xml version 1.0 encoding UTF-8 standalone no
record xmlns http:www.loc.govMARC21slim xmlns:xsi http:www.w3.org2001XMLSchema-instance xsi:schemaLocation http:www.loc.govstandardsmarcxmlschemaMARC21slim.xsd
leader nam 2200397Ka 4500
controlfield tag 001 001789995
007 cr bnu uuuuu
008 070612s2006 flu sbm 000 0 eng d
datafield ind1 8 ind2 024
subfield code a E14-SFE0001479
Myers-Ward, Rachael L.
High growth rate SiC CVD via hot-wall epitaxy
h [electronic resource] /
by Rachael L. Myers-Ward.
[Tampa, Fla] :
b University of South Florida,
ABSTRACT: This dissertation research focused on the growth of 4H-SiC epitaxial layers in low-pressure horizontal hot-wall chemical vapor deposition (CVD) reactors. The goal of the research was to develop a growth process that maximized the growth rate and produced films of smooth morphology. The epitaxial growth of SiC was carried out in two different reactor sizes, a 75 mm reactor and a 200 mm reactor. The maximum repeatable growth rate achieved was 30-32 um/h in the 200 mm reactor using the standard chemistry of hydrogen-propane-silane (H2-C3H8-SiH4) at growth temperatures < 1600 C, which is the highest growth rate reported to date in a horizontal hot-wall reactor at these temperatures. This growth rate was achieved with a silane flow rate of 30 sccm. The process development and characterization of 4H-SiC epitaxial films grown using the standard chemistry are presented.There are many ways to increase the growth rate, such as changing the pressure, increasing the reactant flow rates, or increasing the temperature. The method of choice for this dissertation work was to first increase the reactant flow rates, i.e. silane flow rate, and then to alter the growth chemistry by using a growth additive. When the silane flow is increased, while maintaining a specific growth temperature, supersaturation of silicon may occur. When this happens, particulates may form and deposit onto the sample surface during growth which degrades the film morphology of the epitaxial layers. In order to overcome this severe limitation in the growth of SiC, hydrogen chloride (HCl) was added to the standard chemistry of H2-C3H8-SiH4 during growth when the SiH4 flow was increased beyond 30 sccm. With the addition of HCl, the Si supersaturation was suppressed and the growth rate was increased from ~32 um/h to ~ 49 um/h by increasing the silane precursor up to 45 sccm, while maintaining the Si/C ratio of the standard chemistry process. The addition of HCl to the standard chemistry for growth of SiC films was pioneering work that has since been duplicated by several research groups.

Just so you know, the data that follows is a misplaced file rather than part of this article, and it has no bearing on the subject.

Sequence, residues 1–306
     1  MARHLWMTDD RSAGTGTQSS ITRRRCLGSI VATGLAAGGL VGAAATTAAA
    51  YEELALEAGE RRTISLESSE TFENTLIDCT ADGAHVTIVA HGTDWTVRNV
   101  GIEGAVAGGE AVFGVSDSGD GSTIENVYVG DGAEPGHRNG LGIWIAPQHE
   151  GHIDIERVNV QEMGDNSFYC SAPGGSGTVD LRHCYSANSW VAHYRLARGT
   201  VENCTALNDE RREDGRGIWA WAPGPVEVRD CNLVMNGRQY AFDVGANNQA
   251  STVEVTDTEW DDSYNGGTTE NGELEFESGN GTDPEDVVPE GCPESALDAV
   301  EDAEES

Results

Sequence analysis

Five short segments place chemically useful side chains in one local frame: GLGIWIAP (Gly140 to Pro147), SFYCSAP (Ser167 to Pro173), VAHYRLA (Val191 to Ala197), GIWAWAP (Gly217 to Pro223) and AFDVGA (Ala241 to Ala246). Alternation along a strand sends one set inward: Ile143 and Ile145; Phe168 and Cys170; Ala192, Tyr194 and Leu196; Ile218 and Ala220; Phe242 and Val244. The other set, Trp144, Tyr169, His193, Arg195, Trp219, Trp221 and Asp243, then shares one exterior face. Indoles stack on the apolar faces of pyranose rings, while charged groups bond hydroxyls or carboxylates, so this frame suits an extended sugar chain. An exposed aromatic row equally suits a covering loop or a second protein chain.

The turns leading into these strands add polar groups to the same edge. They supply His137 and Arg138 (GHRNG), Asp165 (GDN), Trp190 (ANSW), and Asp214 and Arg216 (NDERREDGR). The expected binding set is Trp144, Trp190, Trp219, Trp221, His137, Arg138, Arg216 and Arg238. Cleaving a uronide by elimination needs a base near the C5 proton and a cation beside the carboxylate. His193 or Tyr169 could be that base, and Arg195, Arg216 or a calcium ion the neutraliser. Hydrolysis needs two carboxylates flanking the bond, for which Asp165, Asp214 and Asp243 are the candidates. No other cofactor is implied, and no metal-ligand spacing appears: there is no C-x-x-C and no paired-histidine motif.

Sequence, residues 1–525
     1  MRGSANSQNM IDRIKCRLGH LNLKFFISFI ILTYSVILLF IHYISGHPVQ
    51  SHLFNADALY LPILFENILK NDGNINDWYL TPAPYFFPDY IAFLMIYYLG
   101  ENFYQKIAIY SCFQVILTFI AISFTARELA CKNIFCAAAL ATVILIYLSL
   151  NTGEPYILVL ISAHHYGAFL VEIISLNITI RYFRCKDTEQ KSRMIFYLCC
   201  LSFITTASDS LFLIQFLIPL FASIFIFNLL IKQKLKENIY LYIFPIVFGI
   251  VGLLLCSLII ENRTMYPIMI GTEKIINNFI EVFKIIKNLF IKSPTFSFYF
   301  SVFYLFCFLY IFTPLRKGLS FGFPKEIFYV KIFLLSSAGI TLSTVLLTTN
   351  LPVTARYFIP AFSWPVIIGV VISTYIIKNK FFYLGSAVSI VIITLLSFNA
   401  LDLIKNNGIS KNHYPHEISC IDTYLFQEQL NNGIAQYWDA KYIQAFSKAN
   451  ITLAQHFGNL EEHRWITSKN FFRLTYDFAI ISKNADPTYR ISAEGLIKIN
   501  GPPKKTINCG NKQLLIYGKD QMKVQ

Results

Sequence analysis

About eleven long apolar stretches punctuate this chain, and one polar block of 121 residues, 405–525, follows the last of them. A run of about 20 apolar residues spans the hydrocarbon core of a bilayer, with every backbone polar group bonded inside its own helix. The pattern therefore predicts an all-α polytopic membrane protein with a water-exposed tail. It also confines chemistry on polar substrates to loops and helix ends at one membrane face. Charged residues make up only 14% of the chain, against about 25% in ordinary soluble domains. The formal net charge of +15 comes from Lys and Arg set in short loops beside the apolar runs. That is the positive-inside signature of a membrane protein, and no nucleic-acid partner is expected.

Dissertation (Ph.D.)--University of South Florida, 2006.
Includes bibliographical references.
Text (Electronic dissertation) in PDF format.
System requirements: World Wide Web browser and PDF reader.
Mode of access: World Wide Web.
Title from PDF of title page.
Document formatted into pages; contains 214 pages.
Adviser: Stephen E. Saddow, Ph.D.
Chemical vapor deposition.
High growth speeds.
x Electrical Engineering
t USF Electronic Theses and Dissertations.
High Growth Rate SiC CVD via Hot-Wall Epitaxy by Rachael L. Myers-Ward A dissertation submitted in partial fulfillment of the requirements for the degree of Doctor of Philosophy Department of Electrical Engineering College of Engineering University of South Florida Major Professor: Stephen E. Saddow, Ph.D. Andrew M. Hoff, Ph.D. John T. Wolan, Ph.D. Grisselle Centeno, Ph.D. Olle Kordina, Ph.D. Yevgeniy Shishkin, Ph.D. Date of Approval: January 13, 2006 Keywords: silicon carbide, chemical vapor deposition, epitaxial layers, high growth speeds, low-pressure Copyright 2006, Rachael L. Myers-Ward
i TABLE OF CONTENTS LIST OF TABLES iii LIST OF FIGURES iv ABSTRACT xiii PREFACE xv CHAPTER 1 INTRODUCTION 1 1.1 Silicon Carbide Overview 1 1.2 Motivation for Dissertation Research 5 1.3 SiC CVD Epitaxy Background 7 1.4 Organization of Thesis 14 1.4.1 Publications and Presentations 15 CHAPTER 2 HOT-WALL CHEMICAL VAPOR DEPOSITION 18 2.1 Chemical Vapor Deposition 19 2.2 CVD Thermodynamics 22 2.2.1 Non-linear Equation Method 23 2.2.2 Minimization of Gibbs Free Energy 26 2.2.3 Thermodynamic Simulations 27 2.3 Kinetics 31 2.3.1 Fluid Dynamics 32 2.3.2 Mass Transport Limited Versus Surface Reaction Limited CVD 35 2.4 Reactor Hardware 40 2.4.1 75 mm Hot-wall System 41 2.4.2 200 mm Hot-wall System 46 2.5 Computational Fluid Dynamic (CFD) Simulations of the 200 mm Reactor 51 2.6 Summary 55 CHAPTER 3 4H-SIC EPITAXIAL GROWTH EXPERIMENT 56 3.1 Characterization Techniques 56 3.2 75 mm Hot-Wall Reactor Experiments 57 3.3 200 mm Reactor Process Development 59
ii 3.3.1 Flat Ceiling Susceptor Design 61 3.3.2 Angled Ceiling Susceptor Design 65 3.4 200 mm Reactor Process 74 3.5 200 mm Reactor Growth Characterization 78 3.5.1 Growth Rate as a Function of Silane Flow 79 3.5.2 Growth Rate as a Function of Process Pressure 82 3.5.3 Analysis of Thick Films 83 3.5.4 Analysis of Doping Concentration 87 3.5.5 Growth Variation in Hot-Zone 90 3.6 Summary 93 CHAPTER 4 4H-SIC EPITAXIAL GR OWTH USING HCL AS A GROWTH ADDITIVE 95 4.1 Proposed HCl Mechanisms 96 4.2 HCl Manifold 101 4.3 HCl Growth Additive Expe riments: 75 mm Reactor 103 4.3.1 Experimental Results 103 4.3.2 Characterization (AFM, XRD, and LTPL) 112 4.4 HCl Growth Additive Expe riments: 200mm Reactor 120 4.4.1 Growth Rate as a Function of Silane Flow 121 4.4.2 Characterization 126 4.5 Summary 130 CHAPTER 5 SUMMARY AND FUTURE WORKS 132 5.1 Summary 132 5.2 Recent and Future Work 135 5.2.1 Chemistry 135 5.2.2 Temperature Uniformity 140 5.2.3 CVD Simulations 142 REFERENCES 152 APPENDICES 159 Appendix A NASA-Lewis Chemical Equilibrium Computations and Applications (CEA) 160 Appendix B Characterization Techniques 175 Appendix C Operating Procedure for 4H-SIC Epitaxial Growth in the USF 200 mm Reactor 199 Appendix D HCl Purge Panel Operating Procedure 204 Appendix E Thickness Determination via Cross-Section SEM and FTIR Analysis 207 ABOUT THE AUTHOR End of Page